As photographers, we have the incredibly special opportunity to document families, right where they are in whatever messy, beautiful stage they’re in. Families are full of different personalities and dynamics and quirks that can sometimes be challenging to capture behind the camera, but Utah and Southern CA family photographer Brooke Schultz has just about nailed how to portray “love-soaked” family photography.
Today, she’s sharing just how to capture those emotional, honest, and strikingly lovely moments with the families you photograph, in your own special way. She’s dishing on how she prepares for shoots, her thought process as she sets up a photo/pose, what she does to get out of creative ruts, and so many more juicy takeaways that you don’t want to miss!
In this episode:
[4:30] Any emotional life can be utilized for good creativity.
[5:42] Brooke narrates how she got into photography.
[7:13] No matter where you are in your journey, know that there’s always so much more ahead of you.
[8:23] Brooke explains how she teaches photographers to create images that speak to the heart through her workshops and masterminds.
[09:23] Photographers are the real visionaries behind a photoshoot.
[9:57] Family photographers move the world forward because the way a family is viewed in society begins with an image of a family.
[10:23] Imagery is more than just a language. It can convey concepts that might be difficult to understand in words alone.
[11:29] Brooke shares why she chose film photography over digital photography.
[12:10] It’s important to find your niche, but it’s also important to leave room for things to unfold.
[13:38] To be human is to have feelings of self-doubt and limiting beliefs.
[14:16] Confidence is the willingness to be uncomfortable.
[15:51] Let go of the notion that you have to be someone other than who you are and start embracing yourself for who you really are.
[17:43] Brooke shares what Love Soaked Family Photography means.
[21:13] The beauty of photography is that it allows you to create art that tells a new story than the one you were given.
[23:06] The only sustainable art is selfish. It is self-motivated and self-directed.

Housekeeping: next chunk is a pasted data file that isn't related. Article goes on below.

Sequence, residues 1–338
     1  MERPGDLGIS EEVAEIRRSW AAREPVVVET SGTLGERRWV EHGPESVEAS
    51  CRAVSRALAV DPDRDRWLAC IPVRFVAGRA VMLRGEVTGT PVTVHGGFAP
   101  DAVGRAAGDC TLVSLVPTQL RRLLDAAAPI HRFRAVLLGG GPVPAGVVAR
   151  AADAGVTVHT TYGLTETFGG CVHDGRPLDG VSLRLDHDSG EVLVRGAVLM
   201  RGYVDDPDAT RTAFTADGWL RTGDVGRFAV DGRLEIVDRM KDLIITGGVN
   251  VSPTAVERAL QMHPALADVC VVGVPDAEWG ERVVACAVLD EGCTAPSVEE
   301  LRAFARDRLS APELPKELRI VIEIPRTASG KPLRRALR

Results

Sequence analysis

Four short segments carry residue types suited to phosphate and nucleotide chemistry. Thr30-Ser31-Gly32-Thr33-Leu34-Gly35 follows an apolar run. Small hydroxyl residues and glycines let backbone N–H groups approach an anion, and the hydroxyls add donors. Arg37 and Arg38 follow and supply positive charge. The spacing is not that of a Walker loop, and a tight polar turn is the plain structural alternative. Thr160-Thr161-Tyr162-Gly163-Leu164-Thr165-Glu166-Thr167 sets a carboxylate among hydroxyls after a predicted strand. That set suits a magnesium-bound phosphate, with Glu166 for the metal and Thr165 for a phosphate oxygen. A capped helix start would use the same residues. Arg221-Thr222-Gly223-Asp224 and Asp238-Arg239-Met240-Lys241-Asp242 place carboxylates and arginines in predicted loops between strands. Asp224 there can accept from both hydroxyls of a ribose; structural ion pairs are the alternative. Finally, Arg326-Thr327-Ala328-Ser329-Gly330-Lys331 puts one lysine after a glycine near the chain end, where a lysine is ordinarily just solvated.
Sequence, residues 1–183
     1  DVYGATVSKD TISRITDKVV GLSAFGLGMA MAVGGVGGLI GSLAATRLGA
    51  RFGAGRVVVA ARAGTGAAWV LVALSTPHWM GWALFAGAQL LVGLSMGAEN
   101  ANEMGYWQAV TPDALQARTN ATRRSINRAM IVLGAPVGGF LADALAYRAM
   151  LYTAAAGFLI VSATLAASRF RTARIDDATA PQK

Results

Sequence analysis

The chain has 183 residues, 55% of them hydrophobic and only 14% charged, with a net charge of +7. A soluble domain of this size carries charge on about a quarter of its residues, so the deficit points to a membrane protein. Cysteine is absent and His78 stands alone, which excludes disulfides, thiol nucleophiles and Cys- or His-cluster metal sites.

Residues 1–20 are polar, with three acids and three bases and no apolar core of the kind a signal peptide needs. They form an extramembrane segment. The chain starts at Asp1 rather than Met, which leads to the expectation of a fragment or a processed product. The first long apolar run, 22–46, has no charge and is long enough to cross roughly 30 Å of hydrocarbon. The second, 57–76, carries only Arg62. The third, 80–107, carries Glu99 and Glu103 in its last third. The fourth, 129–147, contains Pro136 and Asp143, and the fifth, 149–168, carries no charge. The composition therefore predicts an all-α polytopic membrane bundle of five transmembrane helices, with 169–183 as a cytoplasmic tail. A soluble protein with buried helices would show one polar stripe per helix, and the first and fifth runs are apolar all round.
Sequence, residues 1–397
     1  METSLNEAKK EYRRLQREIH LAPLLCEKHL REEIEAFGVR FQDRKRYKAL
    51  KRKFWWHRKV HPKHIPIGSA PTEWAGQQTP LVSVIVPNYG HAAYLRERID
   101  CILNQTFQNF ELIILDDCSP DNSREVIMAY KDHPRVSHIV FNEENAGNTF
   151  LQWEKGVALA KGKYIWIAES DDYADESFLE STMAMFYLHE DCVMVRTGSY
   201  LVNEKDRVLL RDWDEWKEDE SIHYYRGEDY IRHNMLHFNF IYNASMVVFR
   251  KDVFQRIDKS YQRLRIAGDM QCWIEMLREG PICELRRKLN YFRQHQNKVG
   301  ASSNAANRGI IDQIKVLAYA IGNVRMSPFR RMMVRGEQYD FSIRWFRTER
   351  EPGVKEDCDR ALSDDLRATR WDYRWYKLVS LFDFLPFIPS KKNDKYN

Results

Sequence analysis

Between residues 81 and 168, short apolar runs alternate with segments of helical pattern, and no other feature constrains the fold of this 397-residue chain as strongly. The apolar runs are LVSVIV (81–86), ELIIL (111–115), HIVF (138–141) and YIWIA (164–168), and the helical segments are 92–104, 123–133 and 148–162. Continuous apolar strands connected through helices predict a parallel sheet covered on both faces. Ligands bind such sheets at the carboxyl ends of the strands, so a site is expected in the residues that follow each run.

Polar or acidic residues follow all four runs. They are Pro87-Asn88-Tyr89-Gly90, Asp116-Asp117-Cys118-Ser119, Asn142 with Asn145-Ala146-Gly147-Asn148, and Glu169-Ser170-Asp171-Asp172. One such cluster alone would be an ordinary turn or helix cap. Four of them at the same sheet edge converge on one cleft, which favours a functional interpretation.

[26:19] Brooke says energy plays a big role in capturing the images she wants.
[27:01] Brooke recommends hiring a photographer to take a photo of you so you can better understand their experience when they hire you.
[27:54] Every experience that you have has brought you to that point with that family. Use those experiences to create a framework for that story that you are looking for.
[28:25] Having a photography style is simply telling your story in collaboration with your subjects.
[30-:01] You don’t always need lots of time to prepare. Work with what you have and make the best of the situation.
[32:34] Resilience and malleability are two valuable characteristics for photographers to have.
[33:08] As long as you hold space for everybody’s individual experience during the shoot, you’ll be able to capture the images that you want.
[35:17] Photographers have an innate ability to read the room and sense what people are feeling.
[36:53] Brooke shares how she goes about doing home sessions.
[39:13] Brooke loves to photograph families in their homes because she believes that the most intimate memories of a family are made there.
[43:42] The fastest way to create a visual connection is to have your subjects put their heads close together.
[48:43] The best way to get out of a creative rut is to not try to get yourself out of it.
[52:38] Making art that is unique requires the commitment to sit with yourself and cut out any input that’s not serving you.
[53:38] Brooke shares her 3 quick tips – Touch heads. Start with the whole family all together every single time. Pretend that you’re an improv actor.
About Brooke Schultz
Brooke is a wild-hearted family photographer and artist based in Southern California and Utah. She helps women live their most wildly creative lives in art and in business. She’ll never be able to go a day without hugging someone or singing.
Brooke’s work has been featured in Oprah and Martha Stewart, among many others. But what she really cares about is what she’s creating in the name of love. And the hard hard work of not only feeling love but choosing love within the four walls of her family every day, silently, with no one else there to witness because of those battles and wins. Those are her reasons for creating the most excruciating and gloriously joyful experiences on the planet.
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